Binary Distillation Process and Systems

Binary distillation is a widely used separation process in chemical engineering and the petrochemical industry. It's specifically designed for separating a mixture of two components or compounds based on their differing volatility or boiling points.

Distillation unit operation in which the constituents of a liquid mixture (solution) are separated using thermal energy. Basically, the difference in vapor pressure (volatilities) of different constituents at the same temperature is responsible for such a separation. 

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Binary Distillation Process Works


Feed Mixture

This is the initial mixture that contains two or more components with different boiling points.

Distillation Column

The column is the primary equipment used in binary distillation. It consists of multiple trays or packing material to facilitate the separation process.


The reboiler is located at the bottom of the column and is responsible for providing heat to the feed mixture.


The condenser is situated at the top of the column and is responsible for cooling the vaporized components back into liquid form.

Product Streams

Binary distillation yields two main product streams: the overhead product (top product or distillate) and the bottom product (bottoms or residue).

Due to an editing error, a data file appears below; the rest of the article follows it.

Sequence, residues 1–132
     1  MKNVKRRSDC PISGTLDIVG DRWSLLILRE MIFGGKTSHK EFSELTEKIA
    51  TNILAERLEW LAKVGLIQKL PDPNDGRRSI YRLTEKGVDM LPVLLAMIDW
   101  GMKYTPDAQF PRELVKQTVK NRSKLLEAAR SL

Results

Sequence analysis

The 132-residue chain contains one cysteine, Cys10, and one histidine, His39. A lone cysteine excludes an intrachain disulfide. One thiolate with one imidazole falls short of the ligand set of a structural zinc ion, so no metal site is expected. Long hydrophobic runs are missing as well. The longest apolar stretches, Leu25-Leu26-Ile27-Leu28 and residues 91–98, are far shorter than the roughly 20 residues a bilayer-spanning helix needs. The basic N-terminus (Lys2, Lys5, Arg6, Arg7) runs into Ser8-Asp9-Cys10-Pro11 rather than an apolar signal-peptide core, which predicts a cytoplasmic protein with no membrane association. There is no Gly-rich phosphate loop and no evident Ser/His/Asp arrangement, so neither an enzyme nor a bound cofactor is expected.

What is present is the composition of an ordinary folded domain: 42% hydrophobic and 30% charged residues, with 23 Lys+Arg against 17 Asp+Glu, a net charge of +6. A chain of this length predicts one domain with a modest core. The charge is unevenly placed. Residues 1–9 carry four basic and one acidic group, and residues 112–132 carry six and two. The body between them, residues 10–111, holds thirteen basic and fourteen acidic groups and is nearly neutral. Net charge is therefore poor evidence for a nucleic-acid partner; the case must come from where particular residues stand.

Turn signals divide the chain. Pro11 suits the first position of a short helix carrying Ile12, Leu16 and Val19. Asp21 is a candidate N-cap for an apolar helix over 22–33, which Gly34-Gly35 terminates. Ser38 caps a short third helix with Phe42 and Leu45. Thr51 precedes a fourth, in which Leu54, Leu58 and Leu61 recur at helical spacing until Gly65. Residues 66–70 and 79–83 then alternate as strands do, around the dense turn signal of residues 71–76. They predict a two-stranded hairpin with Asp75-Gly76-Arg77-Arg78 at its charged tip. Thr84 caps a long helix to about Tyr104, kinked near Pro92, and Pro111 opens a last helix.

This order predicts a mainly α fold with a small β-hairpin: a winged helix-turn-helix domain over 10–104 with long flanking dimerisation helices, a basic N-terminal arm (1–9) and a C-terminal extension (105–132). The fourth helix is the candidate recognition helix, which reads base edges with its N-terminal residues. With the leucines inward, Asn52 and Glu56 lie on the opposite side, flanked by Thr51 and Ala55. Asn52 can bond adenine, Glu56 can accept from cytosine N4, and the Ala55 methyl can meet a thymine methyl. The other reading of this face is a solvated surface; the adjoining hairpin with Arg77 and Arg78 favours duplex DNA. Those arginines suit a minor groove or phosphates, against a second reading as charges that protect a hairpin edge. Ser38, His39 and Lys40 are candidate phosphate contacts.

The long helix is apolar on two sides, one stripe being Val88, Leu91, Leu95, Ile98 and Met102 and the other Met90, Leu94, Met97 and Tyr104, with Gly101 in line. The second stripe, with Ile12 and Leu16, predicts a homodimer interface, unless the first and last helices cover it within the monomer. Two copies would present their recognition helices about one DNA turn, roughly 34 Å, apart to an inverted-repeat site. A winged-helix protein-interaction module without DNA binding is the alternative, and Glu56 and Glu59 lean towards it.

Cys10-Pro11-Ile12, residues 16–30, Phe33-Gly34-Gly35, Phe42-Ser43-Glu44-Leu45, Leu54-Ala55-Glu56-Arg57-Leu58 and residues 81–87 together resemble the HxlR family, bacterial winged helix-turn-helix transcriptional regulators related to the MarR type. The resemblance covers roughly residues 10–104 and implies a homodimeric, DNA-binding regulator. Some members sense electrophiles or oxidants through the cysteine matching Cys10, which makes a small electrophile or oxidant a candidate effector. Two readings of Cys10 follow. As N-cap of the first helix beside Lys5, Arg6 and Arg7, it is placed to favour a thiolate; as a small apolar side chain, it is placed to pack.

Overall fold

Process Steps

1. Heating the Feed

The feed mixture is first heated in a reboiler. As it heats up, the component with the lower boiling point vaporizes, forming vapor, while the component with the higher boiling point remains in liquid form.

2. Entering the Column

The vaporized components enter the distillation column at the bottom. The column is equipped with a series of trays or packing material that provides surface area for the vapor to rise through.

3. Fractionation

As the vapor rises through the column, it starts to condense on the trays or packing. The component with the lower boiling point (the more volatile component) tends to vaporize more readily and rises to the top of the column, while the component with the higher boiling point (the less volatile component) remains in liquid form and flows downward.

4. Overhead Product

At the top of the column, the vapor is condensed in a condenser, and the condensed liquid is collected as the overhead product (distillate). This product is enriched in the more volatile component.

5. Bottoms Product

The remaining liquid that doesn't vaporize in the column (bottoms or residue) is enriched in the less volatile component.

6. Continuous Operation

Binary distillation is typically operated continuously. The reboiler provides a continuous supply of heat, and the column continuously separates the feed mixture into its two components.

7. Adjusting Parameters

The efficiency of binary distillation can be controlled by adjusting parameters such as the reflux ratio (the ratio of condensed vapor returned to the column), the number of trays or packing material in the column, and the temperature of the reboiler.

Binary distillation is a fundamental separation process used in the production of various chemicals, fuels, and petrochemical products. It's essential for separating components with different boiling points, enabling the production of pure products or fractions.

Distillation Binary System 

This unit operation is also termed fractional distillation or fractionation.